5 Written questions
5 Matching questions
- 3 quirks of assumption question answer choices
- Conclusion definition
- Numbers and percentages Common misconceptions
- Common weakening scenarios
- Method of Reasoning
- a 1. Incomplete info. The author fails to consider all of the possibilities or relies upon evidence that is incomplete. This flaw can be attacked by bringing up new possibilities or info. 2. Improper comparison. The author attempts to compare two or more items that are essentially different. 3. Qualified conclusion. The author qualifies or limits the conclusion in such a way as to leave the argument open to attack.
- b A statement or judgement that follows from one or more reasons. Ask: What is the author driving at? What does the author want me to believe? What point follows from the others?
- c 1. Increasing percentages automatically lead to increasing numbers. This is not necessarily true because the overall size of the group could get smaller. 2. Decreasing percentages automatically lead to decreasing numbers 3. Increasing numbers automatically lead to increasing percentages 4. Decreasing numbers automatically lead to decreasing percentages 5. Large numbers mean large percentages and small numbers mean small percentages 6. Large percentages mean large numbers and small percentages mean small numbers. \n
- d Argument Part - If you do see the main conclusion at the end of a Method-AP problem, be prepared to answer a question about a part of the arguement other than the conclusion.\n
- e 1. Watch for answers starting with the phrase "at least one" or "at least some". When an assumption answer choice starts with one of these phrases it is usually right. But ALWAYS verify with A.N.T. 2. Avoid answers that claim an idea was the most important consideration for the author. Typical structures: "The primary purpose", "the top priority", "the main factor". In every assumption question these answers have been wrong. 3. Watch for the use of "not" or negatives in assumption answer choices. Do not rule out a negative answer choice just because you are used to seeing assumptions as a positive part of the argument. "no" "not" "never"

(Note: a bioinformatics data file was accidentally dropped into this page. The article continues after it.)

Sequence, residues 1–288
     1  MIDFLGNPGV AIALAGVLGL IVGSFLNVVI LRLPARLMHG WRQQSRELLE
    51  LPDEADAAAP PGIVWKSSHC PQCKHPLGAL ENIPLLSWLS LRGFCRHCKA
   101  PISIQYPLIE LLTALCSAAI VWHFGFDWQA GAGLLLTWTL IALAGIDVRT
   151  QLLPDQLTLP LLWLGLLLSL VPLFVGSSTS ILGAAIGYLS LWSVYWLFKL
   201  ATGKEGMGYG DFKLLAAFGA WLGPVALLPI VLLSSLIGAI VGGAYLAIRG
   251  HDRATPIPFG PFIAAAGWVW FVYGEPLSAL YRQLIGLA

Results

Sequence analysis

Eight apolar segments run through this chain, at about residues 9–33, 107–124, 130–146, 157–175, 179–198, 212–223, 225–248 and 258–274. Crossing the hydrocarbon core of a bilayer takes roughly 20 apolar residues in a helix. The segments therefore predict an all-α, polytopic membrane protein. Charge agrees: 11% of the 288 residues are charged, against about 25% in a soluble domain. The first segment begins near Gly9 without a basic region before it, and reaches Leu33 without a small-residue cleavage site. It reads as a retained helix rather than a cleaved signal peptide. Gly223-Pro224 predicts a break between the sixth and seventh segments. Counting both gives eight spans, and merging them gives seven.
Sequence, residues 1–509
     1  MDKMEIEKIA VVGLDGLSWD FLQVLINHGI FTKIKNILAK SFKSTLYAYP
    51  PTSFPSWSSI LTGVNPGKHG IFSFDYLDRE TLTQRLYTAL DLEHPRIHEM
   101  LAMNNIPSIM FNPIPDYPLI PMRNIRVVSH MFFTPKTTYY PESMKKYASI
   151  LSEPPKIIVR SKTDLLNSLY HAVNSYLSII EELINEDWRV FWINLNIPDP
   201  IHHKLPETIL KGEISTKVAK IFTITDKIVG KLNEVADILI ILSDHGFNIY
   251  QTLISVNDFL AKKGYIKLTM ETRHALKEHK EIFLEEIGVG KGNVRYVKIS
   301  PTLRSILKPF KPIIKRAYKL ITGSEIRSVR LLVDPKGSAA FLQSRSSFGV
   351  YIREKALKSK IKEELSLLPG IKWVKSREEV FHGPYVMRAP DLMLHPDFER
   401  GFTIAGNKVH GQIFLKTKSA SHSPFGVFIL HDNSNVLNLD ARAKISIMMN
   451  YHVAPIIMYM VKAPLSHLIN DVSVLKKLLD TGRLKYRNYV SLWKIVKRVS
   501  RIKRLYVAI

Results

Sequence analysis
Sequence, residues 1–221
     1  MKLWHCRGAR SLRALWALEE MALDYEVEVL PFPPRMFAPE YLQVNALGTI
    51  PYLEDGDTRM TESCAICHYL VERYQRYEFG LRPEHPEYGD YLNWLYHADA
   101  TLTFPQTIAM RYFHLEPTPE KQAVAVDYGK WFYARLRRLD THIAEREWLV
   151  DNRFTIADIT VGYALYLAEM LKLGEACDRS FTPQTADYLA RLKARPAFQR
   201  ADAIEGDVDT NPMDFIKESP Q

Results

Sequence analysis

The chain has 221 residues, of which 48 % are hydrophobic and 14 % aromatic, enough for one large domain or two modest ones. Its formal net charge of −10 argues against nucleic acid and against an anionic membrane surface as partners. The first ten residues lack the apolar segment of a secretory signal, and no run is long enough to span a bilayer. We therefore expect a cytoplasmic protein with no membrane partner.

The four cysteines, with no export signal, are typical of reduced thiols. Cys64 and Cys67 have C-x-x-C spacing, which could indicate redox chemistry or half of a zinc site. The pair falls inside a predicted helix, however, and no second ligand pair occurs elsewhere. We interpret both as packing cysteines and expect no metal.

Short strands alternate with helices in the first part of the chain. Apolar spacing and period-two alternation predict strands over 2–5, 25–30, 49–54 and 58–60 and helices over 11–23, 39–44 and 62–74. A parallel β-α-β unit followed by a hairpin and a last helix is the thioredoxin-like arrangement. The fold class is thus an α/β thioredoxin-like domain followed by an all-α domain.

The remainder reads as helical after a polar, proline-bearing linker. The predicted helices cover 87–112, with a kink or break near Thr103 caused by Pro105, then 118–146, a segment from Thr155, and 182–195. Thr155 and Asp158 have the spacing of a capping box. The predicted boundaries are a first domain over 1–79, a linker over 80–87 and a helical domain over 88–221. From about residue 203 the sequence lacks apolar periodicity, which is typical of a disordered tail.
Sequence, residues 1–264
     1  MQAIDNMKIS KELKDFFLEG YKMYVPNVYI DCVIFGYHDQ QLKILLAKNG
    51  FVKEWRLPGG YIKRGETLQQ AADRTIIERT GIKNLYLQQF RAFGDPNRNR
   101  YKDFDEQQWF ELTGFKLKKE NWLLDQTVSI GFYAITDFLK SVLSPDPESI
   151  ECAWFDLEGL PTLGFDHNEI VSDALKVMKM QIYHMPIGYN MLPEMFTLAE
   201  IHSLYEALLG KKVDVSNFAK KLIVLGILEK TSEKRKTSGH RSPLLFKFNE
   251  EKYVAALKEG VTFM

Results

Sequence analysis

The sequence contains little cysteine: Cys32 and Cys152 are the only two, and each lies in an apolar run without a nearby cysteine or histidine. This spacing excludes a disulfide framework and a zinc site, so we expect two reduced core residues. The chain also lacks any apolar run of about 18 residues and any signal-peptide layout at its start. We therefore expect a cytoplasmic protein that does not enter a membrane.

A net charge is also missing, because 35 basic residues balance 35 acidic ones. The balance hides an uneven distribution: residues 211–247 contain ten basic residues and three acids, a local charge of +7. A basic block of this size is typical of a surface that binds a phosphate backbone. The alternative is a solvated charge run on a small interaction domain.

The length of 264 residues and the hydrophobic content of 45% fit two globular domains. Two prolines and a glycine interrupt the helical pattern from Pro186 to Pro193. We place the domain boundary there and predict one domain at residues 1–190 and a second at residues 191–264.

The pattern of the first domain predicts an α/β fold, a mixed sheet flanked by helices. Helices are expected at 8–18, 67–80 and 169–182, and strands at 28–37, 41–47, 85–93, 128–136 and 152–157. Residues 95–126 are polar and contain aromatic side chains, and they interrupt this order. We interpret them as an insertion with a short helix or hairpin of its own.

5 Multiple choice questions
- caused by because of responsible for reason for leads to induced by promoted by determined by produced by product of played a role in was a factor in is an effect of.
- because, since, for, for example, for the reason that, in that, given that, as indicated by, due to, owing to, this can be seen from, we know this by.
- They h ave failed to fully and accurately identify the conclusion of the argument. If a conclusion is present, you MUST identify it prior to proceeding on to the question stem.
- 1. The stem uses the word assumption, presupposition or some variation 2. The stem NEVER uses the word "if" or any other sufficient condition indicator. The stem will likely contain a necessary condition indicator such as required or unless. The correct answer is a statement the author must believe in order for the conclusion to make sense.
- To raise a viewpoint at the beginning of the stimulus and then disagree with it immediately thereafter. The stimulus often begins with: Some people claim... Some people propose... Many people believe... Some argue that... Some critics claim... Some scientists believe...
5 True/False questions
Primary Objective #3 → If the stimulus contains an argument, determine whether the argument is strong or weak.
Straw Man → occurs when an author attempts to attack an opponent's position by ignoring the actual statements made by the opposing speaker and instead distorts and refashions the argument, making it weaker in the process. Often prephrased by "what you're saying is" or "if I understand you correctly".\n
Incorrect answers in Point at Issue questions → 1. ethical versus factual situations - when the stimulus addresses something ethical, a factual answer would be incorrect and vice versa 2. dual agreement or dual disagreement - often incorrect answer choices will supply statements that both speakers will agree with or that both speakers disagree with 3. the view of one speaker is unknown - test makers create an answer where the view of only one of the speakers in known. Use the Agree/Disagree Test - the correct answer must produce responses where one speaker would say "I agree, the statement is correct" and the other would disagree. If the 2 responses are not produced the answer is incorrect.\n
Words used to introduce numerical ideas → amount, quantity, sum, total, count, tally.\n
Premise definition → A fact, proposition or statement from which a conclusion is made. Ask: What reasons has the author used to persuade me? Why should I believe this argument? What evidence exists?